Last Updated on March 1st, 2021 at 06:51 pm
In this tutorial I will discuss what are the states of objects (transient persistent and detached objects) in Hibernate framework. You might be knowing that Hibernate is an ORM (Object Relational Mapping), which is an automated persistent of objects in a Java application to the tables in a relational database.
Hibernate defines and supports three different object states: transient, persistent and detached.
A new instance, of a class which, is not associated with a Session, has no representation in the database (persistence storage) and no identifier value, is considered transient by Hibernate. So it has just been instantiated using the
Transient instances will be destroyed by the garbage collector if the application does not hold a reference anymore.
Consider the following example for transient state, the instance from User class has just been created and not associated with any database session:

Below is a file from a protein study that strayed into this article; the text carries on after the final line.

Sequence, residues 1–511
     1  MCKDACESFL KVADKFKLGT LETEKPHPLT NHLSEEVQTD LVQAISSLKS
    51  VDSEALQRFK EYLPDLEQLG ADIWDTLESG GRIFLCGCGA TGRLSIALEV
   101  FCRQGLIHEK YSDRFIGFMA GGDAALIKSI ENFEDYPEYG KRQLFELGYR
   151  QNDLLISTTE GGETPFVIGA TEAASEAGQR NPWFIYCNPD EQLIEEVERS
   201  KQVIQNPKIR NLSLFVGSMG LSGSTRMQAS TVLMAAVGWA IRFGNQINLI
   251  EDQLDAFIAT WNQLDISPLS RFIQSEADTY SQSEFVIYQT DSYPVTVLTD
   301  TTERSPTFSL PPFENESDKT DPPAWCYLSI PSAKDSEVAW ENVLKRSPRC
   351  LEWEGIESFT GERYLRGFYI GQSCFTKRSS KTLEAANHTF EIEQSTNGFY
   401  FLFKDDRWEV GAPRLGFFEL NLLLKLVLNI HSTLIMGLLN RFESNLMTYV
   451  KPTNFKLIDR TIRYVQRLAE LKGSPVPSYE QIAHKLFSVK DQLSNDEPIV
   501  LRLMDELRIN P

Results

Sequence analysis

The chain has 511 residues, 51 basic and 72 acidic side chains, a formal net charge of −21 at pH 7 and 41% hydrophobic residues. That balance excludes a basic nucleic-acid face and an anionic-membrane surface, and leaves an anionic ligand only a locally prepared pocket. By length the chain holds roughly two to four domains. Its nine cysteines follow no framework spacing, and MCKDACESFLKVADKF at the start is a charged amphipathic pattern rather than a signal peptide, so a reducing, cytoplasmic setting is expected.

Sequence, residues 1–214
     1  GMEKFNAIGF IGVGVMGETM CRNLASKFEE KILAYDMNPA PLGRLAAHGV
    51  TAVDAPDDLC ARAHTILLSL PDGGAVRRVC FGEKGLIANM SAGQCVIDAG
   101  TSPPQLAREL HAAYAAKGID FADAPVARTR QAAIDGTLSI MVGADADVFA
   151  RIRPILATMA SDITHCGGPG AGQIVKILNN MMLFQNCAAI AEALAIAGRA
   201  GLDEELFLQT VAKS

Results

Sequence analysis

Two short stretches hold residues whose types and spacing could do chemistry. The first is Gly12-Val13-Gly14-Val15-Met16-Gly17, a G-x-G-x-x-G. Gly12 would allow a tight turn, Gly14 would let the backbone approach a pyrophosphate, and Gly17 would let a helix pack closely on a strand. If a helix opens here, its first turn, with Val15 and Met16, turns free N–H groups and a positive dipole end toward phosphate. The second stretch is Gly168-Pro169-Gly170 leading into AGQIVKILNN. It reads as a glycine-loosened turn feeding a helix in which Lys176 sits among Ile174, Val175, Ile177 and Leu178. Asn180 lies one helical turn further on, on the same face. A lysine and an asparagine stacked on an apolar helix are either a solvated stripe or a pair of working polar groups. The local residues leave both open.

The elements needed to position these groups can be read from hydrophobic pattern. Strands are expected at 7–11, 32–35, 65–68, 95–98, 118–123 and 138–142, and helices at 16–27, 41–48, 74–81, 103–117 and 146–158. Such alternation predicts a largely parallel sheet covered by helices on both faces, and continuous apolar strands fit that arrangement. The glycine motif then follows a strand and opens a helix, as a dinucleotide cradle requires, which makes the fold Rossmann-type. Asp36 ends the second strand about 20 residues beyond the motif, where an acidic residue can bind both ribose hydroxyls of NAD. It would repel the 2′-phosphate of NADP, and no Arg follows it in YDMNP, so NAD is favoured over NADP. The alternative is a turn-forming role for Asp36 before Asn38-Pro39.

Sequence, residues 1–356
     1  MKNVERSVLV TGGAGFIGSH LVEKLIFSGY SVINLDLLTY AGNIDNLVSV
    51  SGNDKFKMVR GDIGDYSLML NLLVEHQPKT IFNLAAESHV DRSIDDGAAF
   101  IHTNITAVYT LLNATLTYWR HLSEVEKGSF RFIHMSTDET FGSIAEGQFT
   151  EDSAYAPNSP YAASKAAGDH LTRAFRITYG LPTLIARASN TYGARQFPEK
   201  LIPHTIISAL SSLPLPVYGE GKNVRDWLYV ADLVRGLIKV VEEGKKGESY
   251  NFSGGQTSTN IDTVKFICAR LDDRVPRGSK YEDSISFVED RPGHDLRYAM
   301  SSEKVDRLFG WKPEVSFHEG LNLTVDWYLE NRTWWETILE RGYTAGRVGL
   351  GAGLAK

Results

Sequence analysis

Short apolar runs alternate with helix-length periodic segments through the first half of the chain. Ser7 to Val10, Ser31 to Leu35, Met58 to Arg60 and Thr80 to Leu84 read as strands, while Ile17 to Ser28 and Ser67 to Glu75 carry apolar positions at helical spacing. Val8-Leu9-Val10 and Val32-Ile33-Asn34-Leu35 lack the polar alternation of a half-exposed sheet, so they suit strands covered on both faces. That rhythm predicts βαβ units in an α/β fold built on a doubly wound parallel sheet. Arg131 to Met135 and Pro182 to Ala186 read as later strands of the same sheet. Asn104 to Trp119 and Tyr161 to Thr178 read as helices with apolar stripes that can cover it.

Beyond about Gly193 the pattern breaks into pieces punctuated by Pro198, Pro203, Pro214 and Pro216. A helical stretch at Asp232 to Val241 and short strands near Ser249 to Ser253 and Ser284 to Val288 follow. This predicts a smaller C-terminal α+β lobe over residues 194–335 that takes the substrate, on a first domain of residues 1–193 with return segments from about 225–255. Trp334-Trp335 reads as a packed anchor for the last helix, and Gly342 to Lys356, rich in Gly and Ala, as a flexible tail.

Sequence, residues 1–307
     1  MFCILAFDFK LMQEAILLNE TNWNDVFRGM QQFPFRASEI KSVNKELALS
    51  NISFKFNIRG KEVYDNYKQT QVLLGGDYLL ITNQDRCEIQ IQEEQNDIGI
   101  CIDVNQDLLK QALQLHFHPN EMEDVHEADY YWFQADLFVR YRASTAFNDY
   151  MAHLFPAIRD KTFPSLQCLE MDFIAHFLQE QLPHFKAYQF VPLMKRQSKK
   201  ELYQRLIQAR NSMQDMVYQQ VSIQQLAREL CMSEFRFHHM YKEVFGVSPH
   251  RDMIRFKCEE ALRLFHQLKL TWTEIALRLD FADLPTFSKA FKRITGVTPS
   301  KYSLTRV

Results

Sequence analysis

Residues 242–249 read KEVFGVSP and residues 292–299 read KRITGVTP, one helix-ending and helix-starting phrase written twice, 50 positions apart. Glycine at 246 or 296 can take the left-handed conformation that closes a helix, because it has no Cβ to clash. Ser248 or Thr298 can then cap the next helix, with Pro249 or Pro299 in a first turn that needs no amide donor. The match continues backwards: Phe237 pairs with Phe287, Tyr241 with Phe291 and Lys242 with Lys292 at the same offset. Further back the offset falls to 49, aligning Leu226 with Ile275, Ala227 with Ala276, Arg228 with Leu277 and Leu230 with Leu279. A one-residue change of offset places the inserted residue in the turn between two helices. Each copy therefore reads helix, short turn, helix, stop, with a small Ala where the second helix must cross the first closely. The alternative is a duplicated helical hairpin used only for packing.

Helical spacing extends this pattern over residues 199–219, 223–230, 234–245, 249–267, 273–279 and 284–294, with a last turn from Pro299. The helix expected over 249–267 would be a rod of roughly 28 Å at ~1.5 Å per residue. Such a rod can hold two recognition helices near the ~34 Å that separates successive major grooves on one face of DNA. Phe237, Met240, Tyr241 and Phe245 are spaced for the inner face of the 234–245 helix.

User user = new User(); // user is in a transient state user.setUserName("Sushil");
A persistent instance has a representation in the database and an identifier value, which is associated with a Session. You can make a transient instance persistent by associating it with a Session.
It might just have been saved or loaded, however, it is by definition in the scope of a Session. Hibernate will detect any changes made to an object in persistent state and synchronize the state with the database when the unit of work completes.
Long id = (Long) session.save(user); // user is now in a persistent state
Now, if you close the Hibernate Session, the persistent instance will become a detached instance, so it isn’t attached to a
Session anymore (but can still be modified and reattached to a new Session later though).
Therefore, a detached instance is an object that has been persistent, but its Session has been closed. The reference to the object is still valid, of course, and the detached instance might even be modified in this state.
A detached instance can be reattached to a new Session at a later point in time, making it (and all the modifications) persistent again. This feature enables a programming model for long running units of work that require user think-time. You may call them application transactions, i.e., a unit of work from the point of view of the user.
session.close(); //user in detached state
That’s all about transient, persistent and detached states of object in Hibernate.